The non-Monsoon of 2019

Beams of light from the setting sun illuminate the landscape near Sedona.

It’s been an unusual monsoon season across Arizona this year. After both a wet winter and wet spring—with above normal precipitation amounts all the way into the month of May—things went dry. The North American Monsoon started late this year with the first significant rainfall not arriving until the second half of July. This was unfortunate as the dryness partially contributed to a very damaging wildfire (Museum Fire) burning across portions of the San Francisco Peaks.

Just a few days later, the rains finally arrived. And, then, they stopped again. And it has been that way much of this monsoon season. A few days of rain, then a week or more of dry weather. A normal pattern would have rain falling perhaps four days out of seven for a two-month period. Folks around here have dubbed this monsoon the “nonsoon”.

And, of course, with the lack of moisture and thunderstorms opportunities for photographing storms, heavy rain, lightning, and sunsets has been a challenge. But it only takes one great photograph to make it a successful season. I’m still trying to get that photograph.

Here are some of the more interesting photographs from this “nonsoon monsoon” season.

The Museum Fire burns in the San Francisco Peaks near Flagstaff.
The Museum Fire burns in the San Francisco Peaks near Flagstaff.
A thunderstorm develops above the San Francisco Peaks as seen from the South Rim of Grand Canyon.
A thunderstorm develops above the San Francisco Peaks as seen from the South Rim of Grand Canyon.
Convection develops over the North Rim of Grand Canyon.
Convection develops over the North Rim of Grand Canyon.
Convection is reflected in the waters of Marshall Lake.
Convection is reflected in the waters of Marshall Lake.
A growing thunderstorm is reflected in Marshall Lake.
A growing thunderstorm is reflected in Marshall Lake.
The sun sets over Wupatki National Monument.
The sun sets over Wupatki National Monument.
Beams of light from the setting sun illuminate the landscape near Sedona.
Beams of light from the setting sun illuminate the landscape near Sedona.
Lightning strikes in the distance behind Upper Lake Mary.
Lightning strikes in the distance behind Upper Lake Mary.
Lightning on the North Rim of Grand Canyon.
Lightning on the North Rim of Grand Canyon.
Twilight lightning in Wupatki National Monument.
Twilight lightning in Wupatki National Monument.
Lightning strikes near the confluence of Grand Canyon and Little Colorado River.
Lightning strikes near the confluence of Grand Canyon and Little Colorado River.

Moonrise and Cathedral Rock—August 2019

Here are two views of the Moon rising behind Cathedral Rock in Sedona. The first image shows the Moon ~95% illuminated and was taken from the meadows in Crescent Moon Picnic Area. I like how the Moon lies behind the dark pillar located in the gap between two sunlit pillars.

The second image was taken on the following night with the Moon ~98% illuminated and was captured from Pyramid Trail, a location about twice as far away as the first image. This doubling of distance results in the Moon appearing larger relative to Cathedral Rock—a nice illusion.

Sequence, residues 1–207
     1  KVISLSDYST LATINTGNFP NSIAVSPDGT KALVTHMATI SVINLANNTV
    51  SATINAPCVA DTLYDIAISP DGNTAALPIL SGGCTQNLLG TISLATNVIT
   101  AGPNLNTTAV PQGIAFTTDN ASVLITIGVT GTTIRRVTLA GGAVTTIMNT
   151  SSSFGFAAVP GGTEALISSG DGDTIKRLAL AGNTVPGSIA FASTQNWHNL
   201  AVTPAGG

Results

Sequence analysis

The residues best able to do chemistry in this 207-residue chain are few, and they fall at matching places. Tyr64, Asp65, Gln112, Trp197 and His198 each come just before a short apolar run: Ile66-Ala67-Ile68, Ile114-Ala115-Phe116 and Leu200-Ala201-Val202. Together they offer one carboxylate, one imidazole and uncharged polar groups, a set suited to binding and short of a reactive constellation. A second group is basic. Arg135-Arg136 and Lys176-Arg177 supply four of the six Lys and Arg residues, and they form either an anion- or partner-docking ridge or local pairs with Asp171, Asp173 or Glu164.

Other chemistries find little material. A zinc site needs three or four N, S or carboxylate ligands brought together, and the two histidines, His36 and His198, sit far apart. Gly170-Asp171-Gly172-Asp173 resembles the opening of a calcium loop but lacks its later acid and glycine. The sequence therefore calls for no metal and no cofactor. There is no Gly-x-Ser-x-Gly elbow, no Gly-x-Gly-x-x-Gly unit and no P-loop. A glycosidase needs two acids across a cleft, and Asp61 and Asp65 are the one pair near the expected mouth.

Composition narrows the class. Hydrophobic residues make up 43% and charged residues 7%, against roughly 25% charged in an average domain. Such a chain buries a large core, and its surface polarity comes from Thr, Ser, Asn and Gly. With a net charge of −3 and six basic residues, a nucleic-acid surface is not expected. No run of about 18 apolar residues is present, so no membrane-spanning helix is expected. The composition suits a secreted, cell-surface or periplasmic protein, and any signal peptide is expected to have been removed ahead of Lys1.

Moon rise behind Cathedral Rock (12 August 2019).
Moon rise behind Cathedral Rock (12 August 2019).
Moon rise behind Cathedral Rock (13 August 2019).
Moon rise behind Cathedral Rock (13 August 2019).

The Photographers Ephemeris was used to determine the timing and location to get the Moon rising in the gaps.

 

Hiking West Fork Oak Creek—From the Top

West Fork Oak Creek.
West Fork Oak Creek.

Most of the time when we hike West Fork Oak Creek we do it from the bottom up. Only once before have we done top-to-bottom and that was back in 1999. We were new to northern Arizona and had read (Tyler Williams, Canyoneering Arizona) that this could be done in very long, hard day. He was right about the long and hard. We have since referred to that epic day as our bootcamp hike.

The start of the hike on Woody Mountain Road.
The start of the hike on Woody Mountain Road.
West Fork Oak Creek. You have been warned of the difficulties that lie ahead.
West Fork Oak Creek. You have been warned of the difficulties that lie ahead.

The passage of time can dim the memories of how hard and unpleasant things were. So here we were in 2019, twenty years later, and we wanted to do this hike again but with some modifications. We were not planning on hiking the entire length of the canyon. Instead, we would simply head down canyon and turn around when we had enough.

The first few miles feature a dry wash filled with boulders, sand, and thick vegetation. There is no trail.
The first few miles feature a dry wash filled with boulders, sand, and thick vegetation. There is no trail.

It didn’t take long to realize that even this would be a challenge. There is no maintained trail—and not even much of any hint of a trail at all. The vegetation was so thick we had to bushwhack our way through it. Remember that the Slide Fire in 2014 burned through this area (mostly low intensity) and this thick vegetation may be the result of the burn and regrowth. And there was lots of poison ivy. After the first few attempts to get around it we gave up and just plowed through it.

It took us about 2 1/2 hours to reach the first set of narrows about 3 miles down canyon. Just below the narrows is the confluence with Casner Cabin Draw—which ended up being our turnaround spot. We had some commitments that evening so we did not have unlimited time for exploration. Maybe that was a good thing!

The first narrows are encounted just upcanyon of the confluence with Casner Cabin Draw.
The first narrows are encounted just upcanyon of the confluence with Casner Cabin Draw.
At the first narrows (2019).
At the first narrows (2019).
At the first narrows (1999).